How Big Pizza is crushing the mom-and-pop pizzeria with technology

The rise of online ordering is empowering big players who can make big technology investments—at the expense of local joints

 
Domino’s pizzeria worker with a pizza box in the foreground

Domino’s investment in online ordering has created a competitive advantage with smartphone-wielding customers that mom-and-pop pizzerias are finding it difficult to counter. (Joe Raedle/Getty)

Technology is proving to be an existential threat to independent pizzerias. In a recent LinkedIn post, restaurant consultant Aaron Allen points out how U.S. chains including Domino’s and Papa John’s have used online and app-based ordering to dramatically increase their market share at the expense of smaller mom-and-pop shops.

“Independent pizzerias in America have lost 21%t market share [since 2008] in terms of sales and 19% market share in terms of units to chains. Put more plainly, that’s about 7,800 restaurants that have closed-up shop,” he writes.

Domino’s in particular has seen incredible success with its apps. The company’s shares have risen from $3.86 (U.S.) to $132 while market capitalization went from less than $300 million to $7.42 billion over the same time frame. Chief executive J. Patrick Doyle squarely credits the company’s adoption of technology as the chief driver of that performance.

It’s a bit hyperbolic, but not much. Domino’s is, after all, the same company that created a Siri-like virtual assistant to help customers buy pizza, and as of last year, began accepting text messages with pizza emojis as another ordering method. If there’s any food company that has placed technology at the heart of its customer experience, Domino’s is surely it.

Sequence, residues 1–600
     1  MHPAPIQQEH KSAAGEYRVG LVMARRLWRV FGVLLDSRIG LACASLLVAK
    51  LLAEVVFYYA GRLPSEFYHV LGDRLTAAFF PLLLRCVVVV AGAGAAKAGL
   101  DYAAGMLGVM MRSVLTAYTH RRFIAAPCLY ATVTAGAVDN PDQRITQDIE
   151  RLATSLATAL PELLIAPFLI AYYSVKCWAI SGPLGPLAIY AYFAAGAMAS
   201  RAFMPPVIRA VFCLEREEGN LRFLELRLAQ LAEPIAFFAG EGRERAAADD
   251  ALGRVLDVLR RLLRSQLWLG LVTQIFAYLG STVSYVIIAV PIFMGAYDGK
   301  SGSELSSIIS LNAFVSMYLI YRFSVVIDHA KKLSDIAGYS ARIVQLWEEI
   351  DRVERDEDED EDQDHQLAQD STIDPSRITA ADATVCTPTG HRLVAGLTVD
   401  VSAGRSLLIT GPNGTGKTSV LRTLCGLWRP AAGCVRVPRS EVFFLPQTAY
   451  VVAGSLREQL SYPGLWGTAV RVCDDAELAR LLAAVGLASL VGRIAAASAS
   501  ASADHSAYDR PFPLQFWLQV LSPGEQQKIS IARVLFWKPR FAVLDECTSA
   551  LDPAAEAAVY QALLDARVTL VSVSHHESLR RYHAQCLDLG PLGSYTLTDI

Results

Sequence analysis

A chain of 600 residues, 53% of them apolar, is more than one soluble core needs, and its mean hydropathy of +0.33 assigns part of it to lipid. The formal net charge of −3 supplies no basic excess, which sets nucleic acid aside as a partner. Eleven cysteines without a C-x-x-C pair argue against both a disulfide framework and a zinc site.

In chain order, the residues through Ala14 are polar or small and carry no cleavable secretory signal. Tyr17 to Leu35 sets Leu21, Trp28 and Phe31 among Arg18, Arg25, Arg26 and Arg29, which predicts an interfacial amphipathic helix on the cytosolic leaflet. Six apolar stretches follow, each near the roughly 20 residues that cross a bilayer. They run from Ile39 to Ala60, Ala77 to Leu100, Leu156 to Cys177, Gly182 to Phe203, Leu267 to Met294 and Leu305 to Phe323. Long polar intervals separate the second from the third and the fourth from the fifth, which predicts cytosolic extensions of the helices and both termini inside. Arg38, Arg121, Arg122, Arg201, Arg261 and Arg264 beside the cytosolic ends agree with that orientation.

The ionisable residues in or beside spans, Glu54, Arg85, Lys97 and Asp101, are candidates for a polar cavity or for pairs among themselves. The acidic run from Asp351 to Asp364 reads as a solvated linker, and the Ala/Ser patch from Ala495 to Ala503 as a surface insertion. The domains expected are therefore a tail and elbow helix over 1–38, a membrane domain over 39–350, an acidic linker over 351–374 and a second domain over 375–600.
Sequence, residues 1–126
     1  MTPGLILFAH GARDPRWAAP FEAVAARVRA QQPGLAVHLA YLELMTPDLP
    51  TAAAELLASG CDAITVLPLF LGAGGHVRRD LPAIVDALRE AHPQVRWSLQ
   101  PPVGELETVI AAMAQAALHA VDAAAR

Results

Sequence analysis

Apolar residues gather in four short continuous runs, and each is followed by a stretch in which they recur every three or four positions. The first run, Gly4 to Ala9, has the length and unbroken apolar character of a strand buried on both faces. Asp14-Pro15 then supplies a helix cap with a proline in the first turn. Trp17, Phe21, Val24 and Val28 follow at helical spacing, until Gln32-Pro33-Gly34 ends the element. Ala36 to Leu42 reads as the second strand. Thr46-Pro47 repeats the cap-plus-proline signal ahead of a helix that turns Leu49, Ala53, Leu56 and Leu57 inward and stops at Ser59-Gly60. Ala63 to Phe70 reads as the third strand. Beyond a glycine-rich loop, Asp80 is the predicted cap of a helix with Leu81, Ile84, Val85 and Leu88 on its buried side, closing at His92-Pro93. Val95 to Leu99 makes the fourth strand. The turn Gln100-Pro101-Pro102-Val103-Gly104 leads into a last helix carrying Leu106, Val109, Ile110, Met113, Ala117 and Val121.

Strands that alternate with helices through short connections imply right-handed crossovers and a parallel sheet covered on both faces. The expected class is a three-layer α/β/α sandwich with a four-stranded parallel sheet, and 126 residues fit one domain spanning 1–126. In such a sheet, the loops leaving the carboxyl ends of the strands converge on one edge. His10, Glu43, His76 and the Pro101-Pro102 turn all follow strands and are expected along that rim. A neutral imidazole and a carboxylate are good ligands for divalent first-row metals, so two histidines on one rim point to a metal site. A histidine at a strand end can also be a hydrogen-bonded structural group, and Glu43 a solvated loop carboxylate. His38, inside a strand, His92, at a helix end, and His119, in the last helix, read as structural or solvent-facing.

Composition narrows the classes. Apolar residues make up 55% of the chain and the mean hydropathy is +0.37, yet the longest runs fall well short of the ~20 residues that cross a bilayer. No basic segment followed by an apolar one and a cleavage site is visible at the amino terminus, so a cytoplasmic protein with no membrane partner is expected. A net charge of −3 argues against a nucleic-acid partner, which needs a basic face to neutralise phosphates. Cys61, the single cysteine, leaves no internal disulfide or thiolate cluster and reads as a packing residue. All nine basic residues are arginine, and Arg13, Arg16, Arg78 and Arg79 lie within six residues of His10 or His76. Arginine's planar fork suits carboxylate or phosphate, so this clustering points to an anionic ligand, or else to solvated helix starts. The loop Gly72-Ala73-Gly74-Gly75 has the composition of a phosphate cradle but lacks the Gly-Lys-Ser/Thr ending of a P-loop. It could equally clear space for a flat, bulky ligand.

The company is now planning to test wheeled delivery robots in New Zealand. The details of the test are unknown and the video on the company’s Facebook page makes the effort look like more of a PR stunt, but anything’s possible given Domino’s willingness to experiment with technology.

Smaller pizzerias obviously don’t have the same deep pockets to devote to developing their own customer ordering and delivery technologies, but they do also have a proliferation of third-party options to choose from, including UberEats and its various competitors (here in Toronto, Skip the Dishes and Foodora are just two of them).

The writing is on the wall for indies, Allen writes. An estimated 95 per cent of small pizza shops in the U.S. don’t even have a mobile-optimized website, while internet orders are growing at an explosive pace:

Chart showing food delivery order methods, phone vs. internet, 2010–2015

(NPD Group)

 

It looks like indie pizza shops no longer have a choice. Investing in technology and reorienting their businesses around digital orders and delivery is very quickly becoming as important as making the pizza itself.


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